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BIRDS

Common pigeon
Wild rock doves/common pigeon nest in crevices along rocky seaside cliffs, close to agriculture or open shrub vegetation. Feral pigeons live in old farm buildings in rural areas. In cities, the skyscrapers tend to take the place of their natural cliff surroundings. The rock dove/common pigeon has a dark bluish-gray head, neck, and chest with glossy yellowish, greenish, and reddish-purple iridescence along its neck and wing feathers. Females tend to show less iridescence than the males. The bill is dark grayish-pink. Two dark bands across the wings are seen in most pigeons, and one bluish-gray band across the tail. Rock doves and feral pigeons can be divided into a large number of different phenotypes, or groups based on outward characteristics. Some of these classifications are the blue-bar, blue checker, dark checker, spread, and red phenotypes. Pigeons generally walk or run while bobbing their heads forward and backward. They fly with a steady and direct path. Pigeons are most often seen during daylight, seeking cover at night and in during the heat of the day, according to the climate. They flock while roosting, sunning, and feeding, but no play has been observed. In the nesting territory, both sexes are aggressive, pecking intruders on the head.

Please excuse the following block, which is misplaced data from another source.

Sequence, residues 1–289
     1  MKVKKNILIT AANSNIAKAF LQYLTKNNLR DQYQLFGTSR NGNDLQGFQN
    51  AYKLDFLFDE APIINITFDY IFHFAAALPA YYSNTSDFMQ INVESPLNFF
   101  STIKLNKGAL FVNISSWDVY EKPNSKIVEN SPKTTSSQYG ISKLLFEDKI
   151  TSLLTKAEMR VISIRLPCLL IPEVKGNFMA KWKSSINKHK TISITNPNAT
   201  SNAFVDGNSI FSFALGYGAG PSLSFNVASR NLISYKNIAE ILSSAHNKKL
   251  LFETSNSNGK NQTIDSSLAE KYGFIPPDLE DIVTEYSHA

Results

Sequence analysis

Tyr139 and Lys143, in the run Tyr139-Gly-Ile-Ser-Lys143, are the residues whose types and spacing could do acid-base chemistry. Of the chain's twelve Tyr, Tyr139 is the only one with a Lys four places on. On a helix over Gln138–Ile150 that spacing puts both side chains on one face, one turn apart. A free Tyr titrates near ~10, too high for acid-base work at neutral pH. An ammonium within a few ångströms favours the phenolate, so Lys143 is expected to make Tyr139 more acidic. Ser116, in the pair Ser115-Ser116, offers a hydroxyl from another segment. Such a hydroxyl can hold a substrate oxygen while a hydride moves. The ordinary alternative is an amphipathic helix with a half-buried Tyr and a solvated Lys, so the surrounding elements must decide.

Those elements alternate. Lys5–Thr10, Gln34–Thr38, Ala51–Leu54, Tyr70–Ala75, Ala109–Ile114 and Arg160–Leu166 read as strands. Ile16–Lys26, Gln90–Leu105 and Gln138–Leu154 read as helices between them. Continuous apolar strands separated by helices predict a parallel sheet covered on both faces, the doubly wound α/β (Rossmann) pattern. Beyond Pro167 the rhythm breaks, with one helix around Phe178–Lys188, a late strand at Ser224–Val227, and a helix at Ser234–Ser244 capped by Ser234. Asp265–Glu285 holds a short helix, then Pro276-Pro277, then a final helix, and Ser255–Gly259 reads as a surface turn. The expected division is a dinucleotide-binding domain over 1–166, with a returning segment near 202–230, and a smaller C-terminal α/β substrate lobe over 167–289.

Sparrow
The house sparrow on the other hand is strongly associated with human habitations, and can live in urban or rural settings. Though found in widely varied habitats and climates, it typically avoids extensive woodlands, grasslands, and deserts away from human development. A small bird, it has a length of 16 centimetres (6.3 in) and a weight of 24–39.5 grams (0.85–1.39 oz). Females and young birds are coloured pale brown and grey, and males have brighter black, white, and brown markings. The House Sparrow feeds mostly the seeds ofgrains and weeds, and insects, and can perform complex and unusual tasks to obtain food. The predators of the House Sparrow include domestic cats, hawks, owls, and many other predatory birds and mammals. The House Sparrow is a very asdfsocial bird. It is gregarious at all seasons when feeding, often forming flocks with other types of bird. It also roosts communally, its nests are usually grouped together in clumps, and it engages in a number of social activities, such as dust and water bathing, and "social singing", in which birds call together in bushes. The House Sparrow feeds mostly on the ground, but it flocks in trees and bushes. The House Sparrow's nesting sites are varied, but it prefers the shelter of a hole. Nests are most frequently built in the eaves and other crevices of houses. Holes in cliffs and banks, or in tree cavities are also used. It sometimes excavates its own nests in sandy banks or rotten branches, but it more frequently uses the nests of other birds.

Many bird species live closely to humans and have adapted to use man-made structures as nesting sites thus becoming pests in residential areas. Some birds feed on seeds, grains or fruits and are a big problem in agricultural areas. The most common are the common pigeon and the sparrow. There are a wide range of control methods which we have applied in the past with good success.

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